Unit Stills Photography
As a Unit Stills Photographer my job is to create two types of images. The first is, photos specifically intended for use in the marketing and publicity of feature films or television productions, shot as the main camera sees it, while the movie is being filmed. I always look for alternative angles and shots taken from a different point of view than the main camera as long as they can capture the movie mood and feel without altering the meaning of the scene.
The second type of images I produce on the set is to document the making of the movie and includes close-ups of the actors and crew, wide shots of the crew shooting the action or even setting up the equipment, props etc. Basically anything that goes on behind the scenes that can still be used for press releases and/or released to the media.
I shoot with top of the line Canon bodies, the fastest and best lenses available ( I can shoot on VERY dark sets when needed with the fastest primes available on the market) and two professional sound blimps to reduce (almost mute) the sound of my camera’s motor drives & shutters, so its noise won’t get picked on the film’s recorded dialogue soundtrack while the action is rolling. All of the above must be done while not getting in the way of the crew, or even worse, without getting in the shot myself or in the actors’ eyeline. In order to accomplish all this and get the job done it is extremely important to always understand and be aware of what’s happening on the set around me and what is going to happen next, and, last but not least be as invisible as possible and blend in with the crew/background.
How do I approach shooting on the set? The rules of photography are the same, you can break them “sometimes”, and doing that can work quite well (once in a while), but I get very aggravated when I see “some” top notch and well known unit stills photographer’s work! Show me their eyes dammit! And why are their faces covered? I wanna see all of them! Why is she in the smack middle of the frame? HELLO? The building is falling backwards! Yes the camera wasn’t leveled, duh, but who am I to criticize their work!!! I feel strongly about this, so pardon my rants but the same old rules of photography apply, same rules, plus the so called “SETIQUETTE”, and there you have it, plenty more rules to play by HA!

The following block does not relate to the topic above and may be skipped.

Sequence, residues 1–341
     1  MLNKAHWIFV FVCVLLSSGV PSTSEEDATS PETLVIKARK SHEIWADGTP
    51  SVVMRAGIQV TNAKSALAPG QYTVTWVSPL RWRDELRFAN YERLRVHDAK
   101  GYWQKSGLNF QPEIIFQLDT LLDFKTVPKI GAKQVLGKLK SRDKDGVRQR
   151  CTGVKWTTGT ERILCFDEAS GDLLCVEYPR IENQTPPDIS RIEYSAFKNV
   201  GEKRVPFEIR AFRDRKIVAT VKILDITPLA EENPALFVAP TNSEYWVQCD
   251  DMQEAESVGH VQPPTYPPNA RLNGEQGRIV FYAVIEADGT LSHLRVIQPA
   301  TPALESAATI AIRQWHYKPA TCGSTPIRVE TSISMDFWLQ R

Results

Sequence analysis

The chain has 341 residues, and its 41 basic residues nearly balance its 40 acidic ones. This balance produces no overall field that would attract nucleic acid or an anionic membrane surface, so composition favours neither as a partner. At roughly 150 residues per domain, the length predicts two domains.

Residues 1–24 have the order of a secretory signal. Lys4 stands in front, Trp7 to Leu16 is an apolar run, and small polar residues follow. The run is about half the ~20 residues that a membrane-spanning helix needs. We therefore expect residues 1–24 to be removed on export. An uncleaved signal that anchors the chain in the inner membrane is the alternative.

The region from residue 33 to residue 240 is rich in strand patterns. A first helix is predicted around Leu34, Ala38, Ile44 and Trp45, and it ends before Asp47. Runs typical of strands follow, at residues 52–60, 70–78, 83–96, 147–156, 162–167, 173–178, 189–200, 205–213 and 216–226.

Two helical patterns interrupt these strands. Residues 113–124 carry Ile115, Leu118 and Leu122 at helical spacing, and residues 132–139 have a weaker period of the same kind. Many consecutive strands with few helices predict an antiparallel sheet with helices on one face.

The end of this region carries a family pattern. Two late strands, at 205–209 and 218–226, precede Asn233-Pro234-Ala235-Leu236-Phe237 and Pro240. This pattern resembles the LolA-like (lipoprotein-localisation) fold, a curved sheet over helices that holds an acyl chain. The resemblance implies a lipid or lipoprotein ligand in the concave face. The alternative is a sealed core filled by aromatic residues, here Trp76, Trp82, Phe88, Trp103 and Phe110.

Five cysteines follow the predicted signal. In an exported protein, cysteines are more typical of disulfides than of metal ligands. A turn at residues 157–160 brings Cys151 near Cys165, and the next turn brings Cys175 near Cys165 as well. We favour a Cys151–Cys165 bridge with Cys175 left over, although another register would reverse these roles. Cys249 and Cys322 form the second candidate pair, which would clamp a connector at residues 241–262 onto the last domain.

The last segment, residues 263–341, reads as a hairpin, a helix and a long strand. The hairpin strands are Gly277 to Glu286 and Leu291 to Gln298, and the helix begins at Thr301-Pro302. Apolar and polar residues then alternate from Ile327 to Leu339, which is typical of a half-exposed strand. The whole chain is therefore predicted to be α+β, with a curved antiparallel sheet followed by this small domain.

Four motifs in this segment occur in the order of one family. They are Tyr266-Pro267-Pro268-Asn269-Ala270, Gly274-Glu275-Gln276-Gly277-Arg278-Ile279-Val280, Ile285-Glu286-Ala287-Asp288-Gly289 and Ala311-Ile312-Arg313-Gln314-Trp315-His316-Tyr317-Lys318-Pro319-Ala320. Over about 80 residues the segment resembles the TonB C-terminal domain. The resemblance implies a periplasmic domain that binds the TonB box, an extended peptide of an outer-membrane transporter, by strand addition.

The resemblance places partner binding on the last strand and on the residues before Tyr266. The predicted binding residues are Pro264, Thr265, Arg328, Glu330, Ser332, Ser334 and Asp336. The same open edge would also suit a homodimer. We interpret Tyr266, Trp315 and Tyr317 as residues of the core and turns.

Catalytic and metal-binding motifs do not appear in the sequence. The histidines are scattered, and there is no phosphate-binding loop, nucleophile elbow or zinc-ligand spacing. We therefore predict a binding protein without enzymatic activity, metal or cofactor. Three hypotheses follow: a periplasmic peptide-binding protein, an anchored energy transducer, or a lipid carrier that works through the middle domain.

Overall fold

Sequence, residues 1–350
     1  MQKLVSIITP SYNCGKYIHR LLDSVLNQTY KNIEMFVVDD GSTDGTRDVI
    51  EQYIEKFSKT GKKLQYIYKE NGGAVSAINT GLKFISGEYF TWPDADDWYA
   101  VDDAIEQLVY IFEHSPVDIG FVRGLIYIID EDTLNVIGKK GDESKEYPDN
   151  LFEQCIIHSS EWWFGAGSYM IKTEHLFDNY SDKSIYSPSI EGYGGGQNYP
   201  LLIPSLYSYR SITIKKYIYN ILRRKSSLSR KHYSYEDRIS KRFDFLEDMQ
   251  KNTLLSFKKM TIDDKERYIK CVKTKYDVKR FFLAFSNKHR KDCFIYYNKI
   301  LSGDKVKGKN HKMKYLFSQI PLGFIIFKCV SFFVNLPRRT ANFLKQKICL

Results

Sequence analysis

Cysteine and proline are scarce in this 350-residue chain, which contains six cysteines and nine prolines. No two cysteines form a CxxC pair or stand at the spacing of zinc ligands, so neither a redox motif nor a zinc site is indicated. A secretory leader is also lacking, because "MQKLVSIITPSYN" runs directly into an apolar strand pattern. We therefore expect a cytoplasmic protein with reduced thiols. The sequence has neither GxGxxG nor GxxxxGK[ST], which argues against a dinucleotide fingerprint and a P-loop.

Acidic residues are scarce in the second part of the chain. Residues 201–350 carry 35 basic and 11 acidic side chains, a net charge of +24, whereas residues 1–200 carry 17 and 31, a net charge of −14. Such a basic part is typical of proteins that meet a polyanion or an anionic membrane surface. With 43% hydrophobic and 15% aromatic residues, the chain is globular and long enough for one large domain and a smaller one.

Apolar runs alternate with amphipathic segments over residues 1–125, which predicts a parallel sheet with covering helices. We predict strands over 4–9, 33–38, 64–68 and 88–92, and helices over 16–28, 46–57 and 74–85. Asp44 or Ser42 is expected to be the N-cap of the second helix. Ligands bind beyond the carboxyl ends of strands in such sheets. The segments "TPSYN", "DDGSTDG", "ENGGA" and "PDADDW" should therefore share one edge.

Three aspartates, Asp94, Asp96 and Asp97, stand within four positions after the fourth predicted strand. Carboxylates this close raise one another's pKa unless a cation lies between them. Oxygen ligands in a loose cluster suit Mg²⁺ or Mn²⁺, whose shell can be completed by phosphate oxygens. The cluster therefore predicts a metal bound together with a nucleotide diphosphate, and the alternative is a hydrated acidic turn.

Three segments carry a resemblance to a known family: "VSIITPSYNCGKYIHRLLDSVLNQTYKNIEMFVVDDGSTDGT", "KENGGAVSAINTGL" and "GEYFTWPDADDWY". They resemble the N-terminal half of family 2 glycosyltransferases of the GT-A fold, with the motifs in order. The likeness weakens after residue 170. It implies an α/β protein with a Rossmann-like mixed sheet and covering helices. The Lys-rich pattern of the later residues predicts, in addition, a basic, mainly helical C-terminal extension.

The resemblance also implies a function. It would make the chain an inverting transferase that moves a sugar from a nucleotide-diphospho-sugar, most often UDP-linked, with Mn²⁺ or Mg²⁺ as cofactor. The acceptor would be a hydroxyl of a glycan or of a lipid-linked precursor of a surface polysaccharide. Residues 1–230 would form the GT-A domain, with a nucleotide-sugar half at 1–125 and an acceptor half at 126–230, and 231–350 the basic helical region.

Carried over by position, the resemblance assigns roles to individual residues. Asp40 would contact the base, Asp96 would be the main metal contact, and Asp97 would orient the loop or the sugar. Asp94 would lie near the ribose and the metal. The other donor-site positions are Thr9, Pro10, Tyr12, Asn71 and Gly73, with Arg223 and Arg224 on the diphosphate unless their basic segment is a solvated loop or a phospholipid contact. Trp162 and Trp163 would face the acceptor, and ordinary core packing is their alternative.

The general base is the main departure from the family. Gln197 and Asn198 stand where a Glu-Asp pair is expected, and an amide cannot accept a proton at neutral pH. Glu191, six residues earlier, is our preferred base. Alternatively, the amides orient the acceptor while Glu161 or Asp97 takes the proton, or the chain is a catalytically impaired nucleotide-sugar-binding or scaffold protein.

While I am very well aware that stills taken on a movie set are very low on the priority list of producers and DOP, I take this job very seriously at producing the very best shots while I blend into the background without being in the way of the crew. The stills are available almost instantly, minutes after they have been taken on the set, and are therefore, a very powerful promotional tool that can and will be used right away for press releases and later on, once the movie is completed, for its marketing and promotional collaterals. As David Puttman said
“ More people will see the stills of the movie than will ever actually see the movie’ so stills are very important.”
As you can see from my Fine Art Photography site I have a keen eye for composition, which is very useful when shooting on the set as well.
Feel free to contact me for unit photography work, I will be very happy provide also my resume and portfolio. I am a Local hire in New Orleans and New York City and a IATSE Local 600 member.
All American Horror – Director John Swider
© 2013 Upperline Entertainment LLC
Unit Stills Photography by Alfonso Bresciani
A few more shots below I took on the set of All American Horror.
© Upperline Entertainment LLC
Director: John Swider.
Release date: 2014
Unit Stills Photography by Alfonso “Pompo” Bresciani
Cooking Channel new television series “Chuck’s Eat the Street” with Host Chuck Hughes.
Travel Channel’s television series “Adam Richman’s Best Sandwich in America”. A few shots below. Adam rocks and so is his new show…Check it out!
Here below is another photo I took on the same set, published on the Los Angeles Times.
Jerome High Scream Team News Package with Anne Cutler. Originally aired on News With A Twist on WGNO-TV New Orleans.
Photography by Richard Sprinkle
News Package edited by Ann Cutler
Anne’s Horror Segment edited by Richard Sprinkle.
The following images below were taken on the set of HBO’s Treme first season, and while I wasn’t actually working for HBO or the Discovery Channel (next gallery below Treme’s) I’m displaying them here to show that if I can get the job done without even being a crew member, when it’s even harder to be out of the way and yet, manage to capture the action.